Is there a need for a new body to draw attention to weaknesses in Scots law and the legal system, comparable to the JUSTICE organisation in England?

Some might be surprised at the suggestion. JUSTICE was after all formed in 1957, and while it its reputation is such that it is given leave to intervene in important appeal cases such as the recent Binyam Mohamed "torture" intelligence case, it is hardly alone in the field nowadays.

In Scotland, apart from the Scottish Law Commission, we have a mix of public and privately funded bodies including the Scottish Human Rights Commission, the Scottish Criminal Cases Review Commission, the Scottish Legal Action Group, the campaigning work of the Govan Law Centre and others, as well as special interest groups such as Shelter or Sacro which are not slow to highlight issues of concern to them.

Yet gaps remain, and injustices go uncorrected. So a meeting in Parliament House was told last night, at which the principal speaker was Roger Smith, director of JUSTICE. And a steering committee is to be formed to try and launch a Scottish version.

One of JUSTICE's strengths, Roger told the meeting, is that it draws its membership from both lawyers and non-lawyers, including politicians of all main parties. (Indeed lawyers should not assume that they have a monopoly of insight into issues of law reform, though campaign groups such as those already mentioned also draw membership from various interests.)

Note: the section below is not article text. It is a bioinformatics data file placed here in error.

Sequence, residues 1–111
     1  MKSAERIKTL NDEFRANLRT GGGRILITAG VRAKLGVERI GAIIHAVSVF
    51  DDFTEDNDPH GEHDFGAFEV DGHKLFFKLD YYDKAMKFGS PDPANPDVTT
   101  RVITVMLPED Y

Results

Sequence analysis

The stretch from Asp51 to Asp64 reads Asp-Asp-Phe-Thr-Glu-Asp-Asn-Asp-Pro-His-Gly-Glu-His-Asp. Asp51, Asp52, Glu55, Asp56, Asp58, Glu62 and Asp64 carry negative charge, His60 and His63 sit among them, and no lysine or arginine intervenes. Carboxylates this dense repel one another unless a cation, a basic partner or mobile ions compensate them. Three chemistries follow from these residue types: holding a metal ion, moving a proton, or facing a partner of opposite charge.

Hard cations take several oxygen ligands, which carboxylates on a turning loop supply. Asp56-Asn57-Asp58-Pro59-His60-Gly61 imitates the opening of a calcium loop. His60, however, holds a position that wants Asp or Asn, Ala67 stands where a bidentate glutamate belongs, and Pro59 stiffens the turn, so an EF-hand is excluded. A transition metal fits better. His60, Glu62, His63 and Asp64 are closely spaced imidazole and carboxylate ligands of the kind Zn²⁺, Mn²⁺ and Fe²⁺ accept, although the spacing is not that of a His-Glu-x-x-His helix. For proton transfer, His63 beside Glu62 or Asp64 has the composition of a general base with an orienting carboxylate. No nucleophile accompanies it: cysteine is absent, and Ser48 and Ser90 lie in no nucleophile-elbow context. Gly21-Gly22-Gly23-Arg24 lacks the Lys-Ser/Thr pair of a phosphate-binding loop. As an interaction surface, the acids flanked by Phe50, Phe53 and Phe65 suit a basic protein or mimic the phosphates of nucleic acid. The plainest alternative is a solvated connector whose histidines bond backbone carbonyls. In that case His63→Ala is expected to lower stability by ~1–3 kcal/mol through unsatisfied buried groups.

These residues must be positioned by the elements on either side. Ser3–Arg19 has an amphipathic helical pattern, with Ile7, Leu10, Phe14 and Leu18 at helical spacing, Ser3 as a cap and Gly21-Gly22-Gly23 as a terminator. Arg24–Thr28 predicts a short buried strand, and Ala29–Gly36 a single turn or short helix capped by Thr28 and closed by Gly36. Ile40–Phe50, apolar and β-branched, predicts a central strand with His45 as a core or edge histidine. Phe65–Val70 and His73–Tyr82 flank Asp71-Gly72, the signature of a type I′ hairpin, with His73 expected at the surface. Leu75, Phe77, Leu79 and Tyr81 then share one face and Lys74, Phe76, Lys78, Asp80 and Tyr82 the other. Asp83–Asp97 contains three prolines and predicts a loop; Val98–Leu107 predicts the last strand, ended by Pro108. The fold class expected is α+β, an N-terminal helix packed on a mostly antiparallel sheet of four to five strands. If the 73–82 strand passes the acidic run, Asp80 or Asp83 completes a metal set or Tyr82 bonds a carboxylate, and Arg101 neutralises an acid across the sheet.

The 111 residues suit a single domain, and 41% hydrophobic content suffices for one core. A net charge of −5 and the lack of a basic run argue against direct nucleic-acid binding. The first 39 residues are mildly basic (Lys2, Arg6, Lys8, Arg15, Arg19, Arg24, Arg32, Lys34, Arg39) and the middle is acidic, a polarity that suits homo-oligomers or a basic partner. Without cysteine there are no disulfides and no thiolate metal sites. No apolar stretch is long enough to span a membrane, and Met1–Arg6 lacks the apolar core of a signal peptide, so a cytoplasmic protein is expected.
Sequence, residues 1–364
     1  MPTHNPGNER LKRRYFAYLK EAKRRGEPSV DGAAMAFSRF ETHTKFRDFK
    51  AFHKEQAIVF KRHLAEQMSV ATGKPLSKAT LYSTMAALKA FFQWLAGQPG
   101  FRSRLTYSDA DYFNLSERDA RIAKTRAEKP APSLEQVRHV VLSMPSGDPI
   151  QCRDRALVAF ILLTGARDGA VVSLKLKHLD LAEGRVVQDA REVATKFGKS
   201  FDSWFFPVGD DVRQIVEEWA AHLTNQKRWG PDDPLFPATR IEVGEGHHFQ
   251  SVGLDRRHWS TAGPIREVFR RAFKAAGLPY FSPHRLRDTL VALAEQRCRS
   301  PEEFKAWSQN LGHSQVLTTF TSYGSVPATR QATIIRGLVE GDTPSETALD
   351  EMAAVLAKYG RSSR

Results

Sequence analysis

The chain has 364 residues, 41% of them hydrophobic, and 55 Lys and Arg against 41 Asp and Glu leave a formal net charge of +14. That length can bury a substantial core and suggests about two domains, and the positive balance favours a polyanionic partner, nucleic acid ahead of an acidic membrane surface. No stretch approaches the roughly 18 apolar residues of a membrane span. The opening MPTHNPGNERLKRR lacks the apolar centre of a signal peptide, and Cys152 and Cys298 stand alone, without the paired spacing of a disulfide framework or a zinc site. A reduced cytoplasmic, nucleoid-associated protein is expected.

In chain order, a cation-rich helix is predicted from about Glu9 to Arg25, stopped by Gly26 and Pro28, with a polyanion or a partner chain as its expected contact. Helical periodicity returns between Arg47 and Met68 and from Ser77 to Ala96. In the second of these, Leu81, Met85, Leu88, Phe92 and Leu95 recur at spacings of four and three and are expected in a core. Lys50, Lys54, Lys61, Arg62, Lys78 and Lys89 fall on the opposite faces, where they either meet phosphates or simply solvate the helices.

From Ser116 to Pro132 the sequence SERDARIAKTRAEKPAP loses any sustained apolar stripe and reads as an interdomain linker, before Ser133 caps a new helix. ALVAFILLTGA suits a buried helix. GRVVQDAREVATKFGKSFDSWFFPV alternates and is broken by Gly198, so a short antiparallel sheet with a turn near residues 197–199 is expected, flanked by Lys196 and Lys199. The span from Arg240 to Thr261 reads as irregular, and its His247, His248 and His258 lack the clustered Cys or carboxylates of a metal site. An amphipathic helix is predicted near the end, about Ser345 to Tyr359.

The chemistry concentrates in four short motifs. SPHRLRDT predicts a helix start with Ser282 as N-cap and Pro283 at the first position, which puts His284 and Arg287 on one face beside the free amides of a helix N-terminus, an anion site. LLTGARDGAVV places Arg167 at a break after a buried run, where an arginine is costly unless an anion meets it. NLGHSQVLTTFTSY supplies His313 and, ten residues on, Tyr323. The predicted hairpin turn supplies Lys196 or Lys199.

He also said it was "at its best" when producing its researched reports such as the recent one on issues that have to be considered if a British Bill of Rights is to be drawn up, currently a topic of political debate.

Compared with England, there are still gaps in Scotland. Of course that much larger jurisdiction can support more, and more specialist, organisations than Scotland, and JUSTICE itself has a sort of tacit understanding with other groups such as Liberty as to where each will focus. But concerns were raised at last night's meeting that, for example, there is no means of scrutiny of the SCCRC, that the criminal appeal court has erected barriers to arguing cases of miscarriage of justice or human rights, and that there is still a need for a voice to replace the Scottish Human Rights Centre, which folded in 2005.

Practical issues remain. There is said to be a smaller number of interested lawyers, relatively speaking, in the Scottish profession, and all were aware last night of the issue of how any new body is to be funded. (JUSTICE is fortunate, apparently, in having endowed funds, although Roger Smith faces a constant challenge to make income meet expenditure.) Any new group will also face the basic question of where to direct its energies given the no doubt limited resources at its disposal.

But there are apparently 70 or 80 people already interested in seeing it get started, and those most closely involved are determined to give it a go. They deserve to succeed.